Unseen Political Spaces: Gender and Nationhood in the Berlin and Paris Fashion Press during the Franco-Prussian War

  • Ruxandra Looft Iowa State University
Keywords: gender, fashion, nineteenth century, fashion magazines, popular press

Abstract

The fashion press, and women’s magazines in general, are presumed to be spaces of political neutrality preoccupied with the trivialities of domesticity. Yet it is these very spaces that more easily evade political scrutiny that are often most powerful in reaching a broad audience on matters of politics and social change. This article explores how two Berlin and Paris fashion periodicals participated in the international dialogue on gender, nation-building, patriotism, and consumerism during a critical time between these two nations, namely during the Franco-Prussian war (July 1870 - May1871). A look at images and texts published in the Berlin-based Der Bazar and the Paris-based La Mode Illustrée during this critical time period in their shared history reveals how the fashion press contributed in complex and meaningful ways to an evolving understanding of Self, nationhood, gender, and the public versus private in nineteenth-century Europe.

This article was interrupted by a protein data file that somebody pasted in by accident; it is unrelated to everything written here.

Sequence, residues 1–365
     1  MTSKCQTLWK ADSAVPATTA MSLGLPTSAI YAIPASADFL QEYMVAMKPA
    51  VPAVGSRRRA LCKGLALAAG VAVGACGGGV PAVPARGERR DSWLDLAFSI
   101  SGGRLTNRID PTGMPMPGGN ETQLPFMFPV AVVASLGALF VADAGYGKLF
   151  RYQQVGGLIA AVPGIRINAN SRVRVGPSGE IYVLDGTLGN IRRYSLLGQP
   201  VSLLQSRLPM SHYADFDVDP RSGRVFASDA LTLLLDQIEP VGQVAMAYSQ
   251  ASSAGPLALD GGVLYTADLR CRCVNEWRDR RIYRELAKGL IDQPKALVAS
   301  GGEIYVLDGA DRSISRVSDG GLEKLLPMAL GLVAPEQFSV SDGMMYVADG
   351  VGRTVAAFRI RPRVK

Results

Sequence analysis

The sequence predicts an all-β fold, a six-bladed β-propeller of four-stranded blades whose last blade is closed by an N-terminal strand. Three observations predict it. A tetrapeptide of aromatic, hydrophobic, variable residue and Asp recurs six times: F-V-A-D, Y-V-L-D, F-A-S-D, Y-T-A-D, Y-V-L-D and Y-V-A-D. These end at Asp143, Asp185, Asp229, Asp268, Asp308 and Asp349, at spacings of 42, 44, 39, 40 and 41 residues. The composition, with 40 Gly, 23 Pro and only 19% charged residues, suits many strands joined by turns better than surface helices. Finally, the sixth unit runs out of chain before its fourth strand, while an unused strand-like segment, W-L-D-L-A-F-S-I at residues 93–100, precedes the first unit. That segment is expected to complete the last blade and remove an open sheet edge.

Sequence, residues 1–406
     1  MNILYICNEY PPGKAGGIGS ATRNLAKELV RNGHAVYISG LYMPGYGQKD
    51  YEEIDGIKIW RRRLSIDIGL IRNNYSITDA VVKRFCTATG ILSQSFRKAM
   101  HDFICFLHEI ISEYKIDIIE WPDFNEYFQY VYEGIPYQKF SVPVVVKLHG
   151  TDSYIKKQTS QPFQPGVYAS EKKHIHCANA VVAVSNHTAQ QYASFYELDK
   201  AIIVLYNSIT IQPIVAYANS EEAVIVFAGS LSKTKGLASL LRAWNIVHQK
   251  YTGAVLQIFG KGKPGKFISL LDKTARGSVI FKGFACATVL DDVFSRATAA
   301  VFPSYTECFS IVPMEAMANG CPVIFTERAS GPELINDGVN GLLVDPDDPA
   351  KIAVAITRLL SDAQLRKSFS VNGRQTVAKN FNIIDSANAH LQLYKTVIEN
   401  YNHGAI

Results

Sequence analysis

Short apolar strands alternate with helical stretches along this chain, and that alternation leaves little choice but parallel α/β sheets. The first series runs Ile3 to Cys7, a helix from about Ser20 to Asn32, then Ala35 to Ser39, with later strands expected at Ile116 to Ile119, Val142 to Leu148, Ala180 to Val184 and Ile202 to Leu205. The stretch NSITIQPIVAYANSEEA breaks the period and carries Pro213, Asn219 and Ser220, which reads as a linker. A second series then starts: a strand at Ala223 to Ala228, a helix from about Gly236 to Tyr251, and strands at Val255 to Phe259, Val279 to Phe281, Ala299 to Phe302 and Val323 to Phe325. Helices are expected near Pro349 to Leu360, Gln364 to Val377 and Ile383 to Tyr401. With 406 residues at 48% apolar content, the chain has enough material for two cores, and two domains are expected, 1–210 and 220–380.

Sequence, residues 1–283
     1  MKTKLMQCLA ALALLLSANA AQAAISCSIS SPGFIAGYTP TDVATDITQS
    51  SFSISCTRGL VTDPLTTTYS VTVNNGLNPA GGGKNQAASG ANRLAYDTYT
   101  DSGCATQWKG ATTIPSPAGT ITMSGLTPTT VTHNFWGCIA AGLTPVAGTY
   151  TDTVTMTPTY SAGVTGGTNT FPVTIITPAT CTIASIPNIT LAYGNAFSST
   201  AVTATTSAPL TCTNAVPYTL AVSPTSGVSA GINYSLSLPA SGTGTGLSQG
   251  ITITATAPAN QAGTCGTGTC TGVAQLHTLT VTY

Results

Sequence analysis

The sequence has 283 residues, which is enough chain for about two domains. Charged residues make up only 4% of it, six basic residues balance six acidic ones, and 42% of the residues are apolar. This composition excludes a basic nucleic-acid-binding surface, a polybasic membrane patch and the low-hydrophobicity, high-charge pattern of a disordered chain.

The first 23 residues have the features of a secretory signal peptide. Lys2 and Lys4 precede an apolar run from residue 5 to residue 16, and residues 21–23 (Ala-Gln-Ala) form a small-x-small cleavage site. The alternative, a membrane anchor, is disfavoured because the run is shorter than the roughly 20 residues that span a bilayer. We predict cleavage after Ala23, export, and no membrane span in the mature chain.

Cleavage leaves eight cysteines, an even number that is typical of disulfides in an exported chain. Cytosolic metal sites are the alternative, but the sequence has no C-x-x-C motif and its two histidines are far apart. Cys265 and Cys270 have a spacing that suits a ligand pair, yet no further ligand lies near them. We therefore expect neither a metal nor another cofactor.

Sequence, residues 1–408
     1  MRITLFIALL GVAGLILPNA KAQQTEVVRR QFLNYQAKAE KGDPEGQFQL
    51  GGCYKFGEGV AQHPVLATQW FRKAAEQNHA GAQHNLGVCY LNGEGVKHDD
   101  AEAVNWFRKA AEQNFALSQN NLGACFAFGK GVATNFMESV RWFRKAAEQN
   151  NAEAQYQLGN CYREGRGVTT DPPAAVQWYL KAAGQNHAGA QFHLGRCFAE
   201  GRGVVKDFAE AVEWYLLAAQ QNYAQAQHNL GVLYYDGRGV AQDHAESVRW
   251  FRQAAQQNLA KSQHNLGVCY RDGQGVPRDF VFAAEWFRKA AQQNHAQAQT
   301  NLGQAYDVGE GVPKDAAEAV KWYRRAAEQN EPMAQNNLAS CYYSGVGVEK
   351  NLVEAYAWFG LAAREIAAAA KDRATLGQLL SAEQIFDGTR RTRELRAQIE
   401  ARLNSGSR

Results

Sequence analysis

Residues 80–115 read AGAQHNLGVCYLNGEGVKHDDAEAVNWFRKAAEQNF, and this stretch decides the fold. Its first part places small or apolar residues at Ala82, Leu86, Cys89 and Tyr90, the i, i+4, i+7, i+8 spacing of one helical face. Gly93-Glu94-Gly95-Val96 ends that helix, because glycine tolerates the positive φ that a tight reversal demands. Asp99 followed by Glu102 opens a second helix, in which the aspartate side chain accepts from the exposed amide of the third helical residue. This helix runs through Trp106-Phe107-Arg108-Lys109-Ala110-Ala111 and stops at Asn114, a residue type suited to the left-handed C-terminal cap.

Author Biography

Ruxandra Looft, Iowa State University
Ruxandra Looft received her PhD in German and Comparative Literature from Washington University in St. Louis in 2012. She is a Lecturer in German and International Studies at Iowa State University. Her research focuses on gender, national identity, media studies, and fashion.
Published
2017-12-30
Section
Articles